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I'm trying to understand why the ground plane in PCB is preferred to be as wide as possible. Mathematically the self-inductance in a free space conductor has a relationship as shown in the uploaded picture:

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But I want to understand the physical analysis of how is the increase of width will reduce the self-inductance?

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    \$\begingroup\$ Think of the increase in width as putting two in parallel. Their mutual inductance means the drop isn't twofold, but there is a drop. \$\endgroup\$ – Neil_UK Dec 20 '16 at 15:06
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When two small wires are bifilar wound around a magnetic core, they exhibit the same inductance as one single wire. The emphasis in the first sentance is "small" meaning that any flux produced by one of the small wires is perfectly coupled to the 2nd wire.

In effect, each wire (in the pair) acquires an inductance that is twice the inductance of a single wire and, when there are two inductors are in parallel, the net inductance IS the same as if a single wire were used.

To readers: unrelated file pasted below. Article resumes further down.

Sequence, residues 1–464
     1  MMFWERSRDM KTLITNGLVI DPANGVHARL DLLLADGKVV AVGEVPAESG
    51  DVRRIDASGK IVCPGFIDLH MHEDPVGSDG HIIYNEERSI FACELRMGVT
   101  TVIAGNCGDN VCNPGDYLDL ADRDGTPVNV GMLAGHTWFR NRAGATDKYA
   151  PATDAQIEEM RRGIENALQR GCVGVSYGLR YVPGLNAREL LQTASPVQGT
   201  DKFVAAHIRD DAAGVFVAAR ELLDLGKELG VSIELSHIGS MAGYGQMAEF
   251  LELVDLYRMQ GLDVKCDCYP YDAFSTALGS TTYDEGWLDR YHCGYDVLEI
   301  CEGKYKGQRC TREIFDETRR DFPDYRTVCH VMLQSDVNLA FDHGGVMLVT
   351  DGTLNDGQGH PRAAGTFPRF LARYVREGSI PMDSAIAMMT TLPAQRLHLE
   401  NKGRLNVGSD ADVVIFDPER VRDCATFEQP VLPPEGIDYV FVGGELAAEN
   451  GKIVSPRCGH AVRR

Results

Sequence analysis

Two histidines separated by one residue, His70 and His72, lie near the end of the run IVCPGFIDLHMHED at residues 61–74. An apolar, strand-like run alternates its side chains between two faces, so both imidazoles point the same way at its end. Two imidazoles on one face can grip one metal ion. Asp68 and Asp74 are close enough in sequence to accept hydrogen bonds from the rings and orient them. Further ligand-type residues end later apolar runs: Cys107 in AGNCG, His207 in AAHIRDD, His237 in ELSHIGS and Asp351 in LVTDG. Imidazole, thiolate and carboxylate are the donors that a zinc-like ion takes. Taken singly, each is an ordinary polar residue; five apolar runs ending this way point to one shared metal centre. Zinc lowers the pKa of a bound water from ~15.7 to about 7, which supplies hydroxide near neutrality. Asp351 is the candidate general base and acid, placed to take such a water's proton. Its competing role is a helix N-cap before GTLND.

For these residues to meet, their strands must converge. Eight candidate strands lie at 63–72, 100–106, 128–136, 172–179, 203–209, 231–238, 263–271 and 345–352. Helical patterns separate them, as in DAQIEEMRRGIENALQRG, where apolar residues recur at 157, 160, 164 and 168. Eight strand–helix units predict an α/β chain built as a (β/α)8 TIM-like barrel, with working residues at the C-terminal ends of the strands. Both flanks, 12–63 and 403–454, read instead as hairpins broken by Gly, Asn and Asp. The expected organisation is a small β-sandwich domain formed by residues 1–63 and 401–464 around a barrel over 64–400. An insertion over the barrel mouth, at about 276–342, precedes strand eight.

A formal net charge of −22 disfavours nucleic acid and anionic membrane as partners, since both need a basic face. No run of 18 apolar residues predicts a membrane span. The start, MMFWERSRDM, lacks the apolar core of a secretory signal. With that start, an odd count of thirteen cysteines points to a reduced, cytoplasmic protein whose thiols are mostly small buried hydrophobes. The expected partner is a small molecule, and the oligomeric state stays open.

The magnetic core helps achieve flux coupling between those two wires in this little thought experiment.

Now, remove the core and coupling is not the same; current flowing in one wire (despite being closely wound with the other) does not 100% couple to that other wire and, as you spread the gap between those two wires, coupling gets even smaller and ultimately, the inductance of the pair starts to look like L/2.

It's the same effect with a wide copper conductor - the current is largely spread evenly across the width but flux generated by a part of the current along one edge does not 100% couple with the flux generated by a similar part of current flowing along the other edge.

So progressively coupling starts to reduce as the copper conductor gets wider and you start to move away from L to L/2.

The limit of L/2 does not take into account frequencies where the applied signal wavelength starts to be significant in terms of track thickness of course. That creates a whole bunch of other things to consider!

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